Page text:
Few issues are as contentious as the relationship between milk or dairy products and cancer. There are two vociferous camps claiming, alternately, that milk products are harmful and should therefore generally be avoided, or that dairy (and by extension, other animal-derived foods) are salutary and may actually prevent cancer and other diseases.
Now a new study in the journal The Prostate lends further evidence for the “anti-milk” view. Scientists at the European Institute of Oncology, Milan, and the Université de Montréal, compared 197 prostate cancer (PC) patients with an equal number of men who did not have PC. The participants filled out a food frequency questionnaire, recording their consumption of over 200 food items. There turned out to be a more than twofold increase in the risk of prostate cancer associated with an increased intake of dairy products. At the same time, there was a significant trend toward decreased prostate cancer risk associated in those who reported a higher than average intake of legumes, nuts, both fin- and shellfish and vitamin E (alpha tocopherol).
Interestingly, milk was the only dairy product that was significantly associated with increased prostate cancer risk. Also, the study did not address the issue of grass vs. grain fed cattle, or the problem of pesticide or hormone contamination of milk. But whatever in milk was increasing the PC trend it was not mainly calcium (a theory floated in the past). Calcium showed only a borderline association with PC risk, with only a slightly higher risk with increased calcium consumption.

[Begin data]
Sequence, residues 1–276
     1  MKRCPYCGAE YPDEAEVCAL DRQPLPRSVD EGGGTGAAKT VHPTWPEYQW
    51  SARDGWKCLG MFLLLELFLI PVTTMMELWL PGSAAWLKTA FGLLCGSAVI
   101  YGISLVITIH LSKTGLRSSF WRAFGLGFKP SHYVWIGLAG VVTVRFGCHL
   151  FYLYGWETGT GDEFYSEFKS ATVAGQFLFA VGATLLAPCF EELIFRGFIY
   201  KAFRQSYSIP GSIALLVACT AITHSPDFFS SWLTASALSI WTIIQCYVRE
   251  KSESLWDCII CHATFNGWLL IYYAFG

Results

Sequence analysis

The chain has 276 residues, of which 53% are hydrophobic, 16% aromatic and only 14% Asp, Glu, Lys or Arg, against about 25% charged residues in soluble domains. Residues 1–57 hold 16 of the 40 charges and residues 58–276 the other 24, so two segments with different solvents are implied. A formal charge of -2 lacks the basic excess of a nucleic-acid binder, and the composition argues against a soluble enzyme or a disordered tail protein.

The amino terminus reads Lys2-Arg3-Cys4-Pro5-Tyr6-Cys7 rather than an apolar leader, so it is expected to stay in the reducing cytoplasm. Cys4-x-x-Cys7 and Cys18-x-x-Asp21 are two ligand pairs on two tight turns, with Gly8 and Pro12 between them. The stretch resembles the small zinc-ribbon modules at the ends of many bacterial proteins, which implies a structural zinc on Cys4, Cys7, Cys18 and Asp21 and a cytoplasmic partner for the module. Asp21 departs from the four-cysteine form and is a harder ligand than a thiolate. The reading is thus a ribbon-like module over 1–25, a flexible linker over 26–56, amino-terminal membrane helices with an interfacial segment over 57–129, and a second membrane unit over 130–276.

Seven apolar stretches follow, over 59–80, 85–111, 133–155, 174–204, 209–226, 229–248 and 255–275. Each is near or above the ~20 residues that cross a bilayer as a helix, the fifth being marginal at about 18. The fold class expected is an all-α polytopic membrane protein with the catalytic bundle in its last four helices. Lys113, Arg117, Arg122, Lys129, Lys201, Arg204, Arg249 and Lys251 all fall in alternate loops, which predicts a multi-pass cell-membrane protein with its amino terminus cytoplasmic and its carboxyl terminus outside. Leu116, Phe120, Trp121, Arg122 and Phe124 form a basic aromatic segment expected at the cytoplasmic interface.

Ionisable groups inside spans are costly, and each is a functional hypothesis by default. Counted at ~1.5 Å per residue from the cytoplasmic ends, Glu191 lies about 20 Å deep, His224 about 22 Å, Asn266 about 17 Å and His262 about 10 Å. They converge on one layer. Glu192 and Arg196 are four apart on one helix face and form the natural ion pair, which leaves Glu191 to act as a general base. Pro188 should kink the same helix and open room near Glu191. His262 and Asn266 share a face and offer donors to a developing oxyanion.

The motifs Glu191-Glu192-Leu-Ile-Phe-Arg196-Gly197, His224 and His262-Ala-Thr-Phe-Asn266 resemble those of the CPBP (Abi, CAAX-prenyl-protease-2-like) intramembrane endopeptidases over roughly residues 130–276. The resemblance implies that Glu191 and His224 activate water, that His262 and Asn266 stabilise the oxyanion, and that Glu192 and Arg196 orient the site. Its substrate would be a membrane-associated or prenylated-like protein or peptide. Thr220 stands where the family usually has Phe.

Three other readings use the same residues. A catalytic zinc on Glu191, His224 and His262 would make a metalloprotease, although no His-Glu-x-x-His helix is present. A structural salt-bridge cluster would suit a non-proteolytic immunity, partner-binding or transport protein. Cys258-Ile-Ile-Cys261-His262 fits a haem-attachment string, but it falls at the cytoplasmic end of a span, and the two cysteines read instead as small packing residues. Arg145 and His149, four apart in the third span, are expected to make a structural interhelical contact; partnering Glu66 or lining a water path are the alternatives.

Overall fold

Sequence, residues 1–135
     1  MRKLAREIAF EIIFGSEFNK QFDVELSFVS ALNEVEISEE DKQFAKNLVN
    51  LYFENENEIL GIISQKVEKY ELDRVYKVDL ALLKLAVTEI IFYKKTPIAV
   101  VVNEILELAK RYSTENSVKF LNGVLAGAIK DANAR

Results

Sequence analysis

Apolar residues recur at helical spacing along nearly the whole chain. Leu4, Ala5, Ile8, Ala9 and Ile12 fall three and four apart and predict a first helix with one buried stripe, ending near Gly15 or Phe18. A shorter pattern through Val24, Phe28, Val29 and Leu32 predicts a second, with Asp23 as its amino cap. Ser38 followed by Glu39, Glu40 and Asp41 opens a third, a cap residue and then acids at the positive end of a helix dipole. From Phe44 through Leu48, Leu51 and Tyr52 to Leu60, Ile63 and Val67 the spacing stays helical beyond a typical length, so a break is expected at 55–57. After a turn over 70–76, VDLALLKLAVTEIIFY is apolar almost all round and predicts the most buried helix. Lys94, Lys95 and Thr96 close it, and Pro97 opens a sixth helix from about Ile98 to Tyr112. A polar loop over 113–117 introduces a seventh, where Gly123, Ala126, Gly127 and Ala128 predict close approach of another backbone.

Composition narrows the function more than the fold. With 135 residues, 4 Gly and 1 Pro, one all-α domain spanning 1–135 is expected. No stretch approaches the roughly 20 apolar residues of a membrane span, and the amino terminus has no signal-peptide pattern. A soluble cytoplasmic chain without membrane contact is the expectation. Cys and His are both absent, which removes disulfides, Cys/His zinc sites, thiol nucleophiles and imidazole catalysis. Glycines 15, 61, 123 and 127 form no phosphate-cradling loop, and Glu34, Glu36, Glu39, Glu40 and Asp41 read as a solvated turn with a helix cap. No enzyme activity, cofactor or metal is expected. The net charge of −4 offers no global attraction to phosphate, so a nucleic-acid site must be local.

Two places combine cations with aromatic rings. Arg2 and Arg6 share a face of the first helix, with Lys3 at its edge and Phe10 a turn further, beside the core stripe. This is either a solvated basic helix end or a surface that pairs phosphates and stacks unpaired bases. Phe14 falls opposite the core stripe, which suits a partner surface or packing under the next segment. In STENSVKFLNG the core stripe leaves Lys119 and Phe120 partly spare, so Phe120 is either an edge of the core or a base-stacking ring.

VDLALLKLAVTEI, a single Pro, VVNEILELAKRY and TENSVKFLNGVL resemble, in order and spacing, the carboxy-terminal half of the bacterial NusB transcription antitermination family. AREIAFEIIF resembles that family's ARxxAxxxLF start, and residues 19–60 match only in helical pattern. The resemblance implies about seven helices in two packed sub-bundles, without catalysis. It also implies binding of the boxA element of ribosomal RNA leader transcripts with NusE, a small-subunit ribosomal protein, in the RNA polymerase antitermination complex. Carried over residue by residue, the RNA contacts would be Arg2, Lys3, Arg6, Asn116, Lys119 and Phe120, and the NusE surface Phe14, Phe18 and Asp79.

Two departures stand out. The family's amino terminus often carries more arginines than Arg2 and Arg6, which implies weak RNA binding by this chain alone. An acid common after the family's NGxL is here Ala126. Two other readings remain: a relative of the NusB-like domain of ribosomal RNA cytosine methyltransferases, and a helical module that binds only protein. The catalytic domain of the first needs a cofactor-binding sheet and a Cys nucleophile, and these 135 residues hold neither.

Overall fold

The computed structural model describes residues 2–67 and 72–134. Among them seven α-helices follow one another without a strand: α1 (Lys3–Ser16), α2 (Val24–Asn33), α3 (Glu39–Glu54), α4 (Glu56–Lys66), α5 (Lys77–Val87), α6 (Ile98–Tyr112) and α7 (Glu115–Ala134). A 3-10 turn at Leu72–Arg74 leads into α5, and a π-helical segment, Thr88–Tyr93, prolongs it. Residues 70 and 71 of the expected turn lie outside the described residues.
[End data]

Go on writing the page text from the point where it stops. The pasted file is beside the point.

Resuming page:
This study supports the theory that dairy products, and especially standard commercial milk, are involved in the causation of prostate cancer. However, the researchers caution that the mechanisms by which the various nutrients in dairy and in the total diet may interact to influence this risk remain unknown.
Raimondi S, Mabrouk JB, Shatenstein B, Maisonneuve P, Ghadirian P. Diet and prostate cancer risk with specific focus on dairy products and dietary calcium: a case-control study. Prostate. 2010;70(10):1054-1065.